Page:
Sin taxes don't pay off
Monday, August 05, 2013
Sin taxes, the added sales taxes on products usually deemed unhealthy, might discourage the targeted bad habits but they do nothing for a state's tax collection efforts.
That's one of the findings of a new study on the fiscal impacts of tobacco taxes, released by the National Taxpayers Union Foundation (NTUF).
The study by NTUF, the research affiliate of the nonprofit taxpayer advocacy group the National Taxpayers Union, also found the higher tobacco taxes tend to lead to more taxes in other areas.
"The evidence starkly shows taxes on tobacco products resemble a weak budgetary crutch whose frequent collapse leaves this fiscal burden to fall on all taxpayers and consumers," said study author Diana Oprinescu.
The study says that tobacco tax hikes produce serious fiscal consequences for smokers and non-smokers alike, for five major reasons:
- States with low cigarette taxes have lower overall tax burdens.
- Tobacco tax hikes are rarely used to cut other taxes.
- Tobacco taxes don't forestall other tax increases.
- Tobacco tax hikes may encourage other tax hikes down the road.
- Cigarette taxes don't spur economic growth.
High tobacco and other taxes: The NTUF statistical data show that states with the highest cigarette taxes often have remarkably higher-than-average tax burdens.
Per Capita State and Local Tax Burden for High Cigarette Tax States *Excluding the 15 states (plus the District of Columbia) listed in this table. Table compiled from Tax Foundation data.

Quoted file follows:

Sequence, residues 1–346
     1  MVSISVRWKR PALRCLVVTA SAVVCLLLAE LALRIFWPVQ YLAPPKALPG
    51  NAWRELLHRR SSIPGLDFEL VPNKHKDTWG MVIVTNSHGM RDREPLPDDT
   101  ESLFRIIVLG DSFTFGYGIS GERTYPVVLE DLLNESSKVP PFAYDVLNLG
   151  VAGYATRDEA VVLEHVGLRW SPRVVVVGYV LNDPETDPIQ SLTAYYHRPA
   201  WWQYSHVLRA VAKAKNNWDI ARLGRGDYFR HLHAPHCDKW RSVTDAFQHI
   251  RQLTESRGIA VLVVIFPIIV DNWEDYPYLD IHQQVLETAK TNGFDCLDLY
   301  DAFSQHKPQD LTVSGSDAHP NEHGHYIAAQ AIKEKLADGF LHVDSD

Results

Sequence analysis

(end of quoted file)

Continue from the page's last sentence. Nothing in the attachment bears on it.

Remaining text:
Conversely, NTUF found that in states where cigarette taxes are lowest, total tax loads are almost always below the national average.
Per Capita State and Local Tax Burden for Low Cigarette Tax States
*Excluding the 15 states listed in this table. Table compiled from Tax Foundation data.
One tax leads to another and another: In addition, says the NTUF study, tobacco tax hikes tend to be followed by tax increases on other products and services within a short period of time.
States Increasing Net Annual Tax/Fee Burden
in the Two-Year Period Following a Tobacco Tax Hike
Table compiled from National Association of State Budget Officers data.
Making up the difference: Why are tobacco tax hikes likely to encourage other tax increases? Basically it's the slippery slope explanation. Politicians often justify the added taxes by saying that they can use the new revenue to plug budget deficits and/or fund programs in areas like health care or education.
The subsequent taxes also are a way to make up the tax money that the sin tax isn't generating. And why isn't the tax bringing in the expected money? Because on one hand, sin taxes do one part of their job, discouraging the habit -- younger people, in particular, give up smoking when prices, via taxes or otherwise, go up -- and that reduces the tax pool and collections.
So when the cigarette taxes fall short of original projections, says NTUF, lawmakers look to other tax sources to continue to fund the programs the tax was to support and/or avoid budget cuts.
"Ultimately our research shows that the downsides of punitive fiscal policy and reactive budget management are present no matter the political convenience of a particular tax," said Oprinescu.
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